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DHSS Press Release

Rita Landgraf, Secretary
Jill Fredel, Director of Communications
302-255-9047, Cell 302-357-7498
Email: jill.fredel@delaware.gov

Date: February 23, 2016



NEW CASTLE (Feb. 23, 2016) - The Department of Health and Social Services (DHSS) has received a new donation of 2,000 cartons of the overdose-reversing medication naloxone from kaleo, the Richmond, Va., company that manufactures the auto-injector kits called EVZIO.

This is the second naloxone donation that DHSS has received from kaleo. In the wake of a growing number of overdose deaths, DHSS and atTAcK addiction - a grassroots advocacy group in Delaware - helped to facilitate the original donation of 2,000 cartons in August 2015. The donation will resupply school nurses in high schools, first responders, medication-assistance treatment centers and the state's Syringe Exchange Program. Each carton contains two auto-injector units and a training device.

In 2014, a total of 189 people died from suspected overdoses in Delaware, according to statistics reported to the Centers for Disease Control and Prevention (CDC). That means about one person died every other day from an overdose. Many of the overdoses were the result of heroin, fentanyl or prescription painkillers, which can be reversed by administering naloxone.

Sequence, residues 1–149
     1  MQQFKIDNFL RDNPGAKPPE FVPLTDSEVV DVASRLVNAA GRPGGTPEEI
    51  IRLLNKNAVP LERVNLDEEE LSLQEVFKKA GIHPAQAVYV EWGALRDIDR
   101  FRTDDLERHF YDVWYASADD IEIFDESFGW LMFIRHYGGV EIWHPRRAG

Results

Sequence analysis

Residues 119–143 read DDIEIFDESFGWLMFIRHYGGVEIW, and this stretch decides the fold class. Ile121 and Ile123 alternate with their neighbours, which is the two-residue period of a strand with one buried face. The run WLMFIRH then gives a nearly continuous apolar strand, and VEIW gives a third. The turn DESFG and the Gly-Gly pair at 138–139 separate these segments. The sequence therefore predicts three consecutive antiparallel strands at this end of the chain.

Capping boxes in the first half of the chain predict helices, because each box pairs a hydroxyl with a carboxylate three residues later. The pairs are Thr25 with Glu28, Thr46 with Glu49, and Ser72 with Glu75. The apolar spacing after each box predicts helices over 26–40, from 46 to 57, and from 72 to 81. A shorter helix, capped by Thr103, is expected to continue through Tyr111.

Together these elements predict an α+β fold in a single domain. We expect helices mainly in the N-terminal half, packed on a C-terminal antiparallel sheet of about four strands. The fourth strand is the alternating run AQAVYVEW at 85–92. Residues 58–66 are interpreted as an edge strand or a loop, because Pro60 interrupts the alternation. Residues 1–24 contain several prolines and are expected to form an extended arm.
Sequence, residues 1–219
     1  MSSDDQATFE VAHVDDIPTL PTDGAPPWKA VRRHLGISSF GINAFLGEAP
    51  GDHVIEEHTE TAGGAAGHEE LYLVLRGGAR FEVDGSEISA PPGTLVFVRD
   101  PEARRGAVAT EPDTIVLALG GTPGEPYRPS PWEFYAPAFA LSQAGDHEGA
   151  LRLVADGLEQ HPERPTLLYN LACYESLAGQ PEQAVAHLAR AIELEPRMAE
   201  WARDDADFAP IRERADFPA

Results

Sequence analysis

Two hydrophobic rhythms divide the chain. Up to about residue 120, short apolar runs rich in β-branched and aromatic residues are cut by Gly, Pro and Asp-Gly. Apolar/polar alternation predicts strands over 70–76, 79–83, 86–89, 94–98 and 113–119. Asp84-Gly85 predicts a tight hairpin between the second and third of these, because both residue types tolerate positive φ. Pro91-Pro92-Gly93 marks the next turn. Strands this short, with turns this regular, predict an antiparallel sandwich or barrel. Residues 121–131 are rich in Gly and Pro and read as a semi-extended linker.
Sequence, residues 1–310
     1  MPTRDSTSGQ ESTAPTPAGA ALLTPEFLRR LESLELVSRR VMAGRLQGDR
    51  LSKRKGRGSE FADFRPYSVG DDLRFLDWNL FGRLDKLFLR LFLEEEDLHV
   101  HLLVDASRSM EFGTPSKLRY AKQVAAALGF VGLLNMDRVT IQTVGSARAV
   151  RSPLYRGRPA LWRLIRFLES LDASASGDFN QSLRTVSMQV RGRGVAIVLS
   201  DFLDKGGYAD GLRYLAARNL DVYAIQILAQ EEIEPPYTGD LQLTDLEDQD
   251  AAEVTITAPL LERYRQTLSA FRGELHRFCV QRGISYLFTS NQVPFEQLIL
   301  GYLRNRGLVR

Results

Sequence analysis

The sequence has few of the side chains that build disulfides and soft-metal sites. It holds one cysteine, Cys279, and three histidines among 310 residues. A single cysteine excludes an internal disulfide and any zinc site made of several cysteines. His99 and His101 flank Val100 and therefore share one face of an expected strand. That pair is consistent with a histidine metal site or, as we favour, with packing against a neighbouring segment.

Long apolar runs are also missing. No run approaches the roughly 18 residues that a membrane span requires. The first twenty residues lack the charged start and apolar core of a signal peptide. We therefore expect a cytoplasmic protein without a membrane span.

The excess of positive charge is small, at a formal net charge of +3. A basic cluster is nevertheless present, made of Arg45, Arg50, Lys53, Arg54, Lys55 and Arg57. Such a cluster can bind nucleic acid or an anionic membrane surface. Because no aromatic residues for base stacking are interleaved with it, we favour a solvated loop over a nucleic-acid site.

"We are grateful to kaleo for renewing its generous donation because we know it will help save more lives in our state," Gov. Jack Markell said. "The first step in the disease of addiction is to save the life. Then we can work with individuals to get them the treatment they need in order to live full, healthy lives."

"At kaleo, our goal has always been to get our potentially life-saving products into the hands of anybody who might need them. The kaleo Cares Product Donation program is one of many tools we utilize to get EVZIO into the hands of those who might not otherwise have access," said Spencer Williamson, President and CEO of kaleo. "Since initiating the program in October 2014, our donated EVZIO auto-injectors have helped save an average of nearly 10 lives per week. We take great pride in the program and are excited that DHSS is utilizing the donated product in such a broad, effective manner."

In 2014, Gov. Markell signed two pieces of legislation expanding the use of naloxone. One allows for wider use in the community, and the other allows for voluntary use among law enforcement departments. More than 1,500 community members have been trained to use naloxone. And six police departments - New Castle County, Elsmere, Newark, Middletown, Smyrna and Ocean View - have been trained to administer naloxone and all have police officers carrying the antidote. All six departments have reversed overdoses using naloxone, including Newark's Master Cpl. Marc DiFrancesco who saved three people from overdoses during a 24-hour period beginning on Christmas Eve.

In April 2015, a Senate resolution allowing for the expanded use of naloxone among school nurses passed both houses of the General Assembly. The resolution, sponsored by Sen. Bethany Hall-Long, provides for the expanded use beginning this fall.